The Weird Workplace

A collection of unusual and quirky stories from across Canada and the world

The Weird Workplace
Five Canadian diplomats and their families who were posted in Cuba are suing Ottawa for more than $28 million. Credit: julio echandia (Shutterstock)


OTTAWA — Five Canadian diplomats and their families who were posted in Cuba are suing Ottawa for more than $28 million. Why? They say the government failed to protect them, hid crucial information and downplayed the seriousness of the risks when they became ill, according to the Canadian Press. The nine adults and five children suffered symptoms such as nausea, dizziness, headaches and trouble concentrating when posted in Cuba. The mysterious illness has plagued U.S. and Canadian diplomats for multiple years, with possible causes of the acoustic or microwave affliction including unknown contaminants or chirping crickets. Toxins or sonic attacks have been ruled out, however. Almost a year ago, Canada said dependants would no longer accompany diplomats posted to Cuba because of the uncertainty.


TORONTO — They say drinking water is good for you, but that wasn’t the case for one Hudson’s Bay employee, according to the CBC. Matsa Beliashvili worked in Toronto as a business manager at the Estée Lauder counter. She regularly drank water from a glass canteen, but in September 2018, she started to experience bouts of nausea, headaches and skin irritations. When she started using a new water bottle, that didn’t help so in January, Beliashvili left her water container overnight on a counter at work. The next day, security footage showed a colleague spraying Lysol directly into the bottle. “We had to work on a daily basis together,” said Beliashvili. “I could never imagine that someone would be full of hate to this extent. It’s shocking.” The woman has been charged with administering a noxious substance with intent to cause bodily harm and mischief to interfere with property.


BUDAPEST — Despite the many glitches, employers continue to experiment with robots in the workplace. The latest is a café in Budapest, where robots serve up food and drink to customers, according to Reuters. Opened by IT company E-Szoftverfejleszto, the Enjoy Budapest Café is staffed by a team of robots that can also tell jokes, dance with children or chat with customers. The robot waiters follow a set path to make their deliveries, so customers are advised to keep out of the way. And workers will be happy to hear they are not being replaced. “We actually employ twice as many people as before, because to operate 16 to 20 robots from 9 a.m. to 9 p.m., we need to have IT specialists in the background,” said café owner Tibor Csizmadia.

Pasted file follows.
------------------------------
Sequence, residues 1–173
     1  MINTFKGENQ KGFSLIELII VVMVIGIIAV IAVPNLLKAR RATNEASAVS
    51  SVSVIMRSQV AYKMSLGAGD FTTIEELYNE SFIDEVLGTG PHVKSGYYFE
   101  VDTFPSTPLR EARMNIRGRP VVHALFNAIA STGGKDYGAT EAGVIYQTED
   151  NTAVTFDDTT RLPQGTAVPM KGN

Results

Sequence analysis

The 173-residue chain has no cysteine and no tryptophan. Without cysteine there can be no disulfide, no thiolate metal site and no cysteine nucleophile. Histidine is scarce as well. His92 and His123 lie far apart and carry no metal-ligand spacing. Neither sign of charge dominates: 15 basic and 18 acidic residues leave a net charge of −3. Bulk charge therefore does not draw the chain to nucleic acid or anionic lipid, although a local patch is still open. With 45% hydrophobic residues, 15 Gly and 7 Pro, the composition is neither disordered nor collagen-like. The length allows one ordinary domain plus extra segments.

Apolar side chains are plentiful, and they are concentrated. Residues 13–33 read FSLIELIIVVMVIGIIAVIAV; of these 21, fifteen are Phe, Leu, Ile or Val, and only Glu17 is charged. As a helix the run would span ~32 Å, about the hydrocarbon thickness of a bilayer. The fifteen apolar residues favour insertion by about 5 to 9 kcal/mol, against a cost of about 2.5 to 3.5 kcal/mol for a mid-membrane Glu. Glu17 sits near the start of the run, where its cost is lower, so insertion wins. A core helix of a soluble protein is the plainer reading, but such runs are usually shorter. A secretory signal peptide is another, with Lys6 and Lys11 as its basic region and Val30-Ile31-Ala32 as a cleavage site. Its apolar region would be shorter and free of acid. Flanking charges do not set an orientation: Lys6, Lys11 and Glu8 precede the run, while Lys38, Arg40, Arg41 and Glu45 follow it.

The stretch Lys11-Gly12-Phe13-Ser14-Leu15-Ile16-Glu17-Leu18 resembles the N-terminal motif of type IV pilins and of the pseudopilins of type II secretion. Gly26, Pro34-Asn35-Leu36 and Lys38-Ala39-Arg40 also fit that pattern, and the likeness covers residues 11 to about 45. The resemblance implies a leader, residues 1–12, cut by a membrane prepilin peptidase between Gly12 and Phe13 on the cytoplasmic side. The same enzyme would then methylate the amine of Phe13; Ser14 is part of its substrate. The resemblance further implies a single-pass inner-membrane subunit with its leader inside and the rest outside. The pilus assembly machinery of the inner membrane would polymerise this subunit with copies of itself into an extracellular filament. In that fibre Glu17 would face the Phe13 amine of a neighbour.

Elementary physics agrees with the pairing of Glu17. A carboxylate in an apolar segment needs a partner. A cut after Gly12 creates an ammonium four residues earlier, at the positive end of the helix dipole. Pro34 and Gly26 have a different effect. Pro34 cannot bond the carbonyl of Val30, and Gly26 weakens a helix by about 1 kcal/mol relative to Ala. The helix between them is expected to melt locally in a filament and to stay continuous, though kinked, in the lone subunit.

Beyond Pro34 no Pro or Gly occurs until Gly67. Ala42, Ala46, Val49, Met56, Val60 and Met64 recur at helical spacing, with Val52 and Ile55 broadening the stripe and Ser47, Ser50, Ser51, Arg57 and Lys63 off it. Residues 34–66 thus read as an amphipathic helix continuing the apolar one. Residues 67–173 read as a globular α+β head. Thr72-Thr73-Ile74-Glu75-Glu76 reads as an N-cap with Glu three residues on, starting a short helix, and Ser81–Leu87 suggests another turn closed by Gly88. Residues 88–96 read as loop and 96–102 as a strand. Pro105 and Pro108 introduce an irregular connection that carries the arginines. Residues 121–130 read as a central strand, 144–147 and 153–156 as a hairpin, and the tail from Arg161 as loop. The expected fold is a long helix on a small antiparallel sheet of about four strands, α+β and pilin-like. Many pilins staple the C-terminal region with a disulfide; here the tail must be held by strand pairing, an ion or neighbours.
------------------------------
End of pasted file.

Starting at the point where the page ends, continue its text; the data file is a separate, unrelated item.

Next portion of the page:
OLDHAM, U.K. — Despite being offered a job, a woman recently turned down the opportunity because she found the interview process “humiliating.” Twenty-two-year-old graduate Olivia Bland applied for a job at Web Applications UK but underwent a challenging second interview with the CEO, according to MSN. The “brutal” episode lasted two hours and Craig Dean “tore both me and my writing to shreds (and called me an underachiever),” she said. Bland declined the job the next day in an email posted on Twitter, calling Dean “a man who tries his best to intimidate and assert power over a young woman.” She said the CEO tore her down to build her back up again, by telling her she wasn’t good enough and detailing exactly why, while quizzing the candidate about her childhood and parents. Bland later tweeted: “You may have free juice and yoga on Mondays but you certainly don’t have respect for your potential employees. Your CEO should be ashamed of himself.” Dean apologized on Twitter, saying he had “no desire to see anyone hurt; and can only apologise if anything I’ve done has had that effect; it was not my intent.”


LONDON — A Valentine’s deal for HSBC employees was not so sweet for many. Staff were offered discounted laptops and headphones “for him” — but vacuum cleaners and kitchen appliances “for her,” according to Reuters. The multi-page ad was produced and sent to employees of the bank by HKT, owned by Hong Kong conglomerate PCCW. HSBC staff in London and Hong Kong criticized the offer, and were sent an apology. “We have heard the feedback and offer our heartfelt apologies for any offence caused,” said HKT. “We firmly believe in gender equality in both the workplace and in life, and we are committed to ensuring that we, and our business partners, exercise prudence, respect and inclusion for all.” HSBC also said it “is committed to gender diversity in the workplace.”

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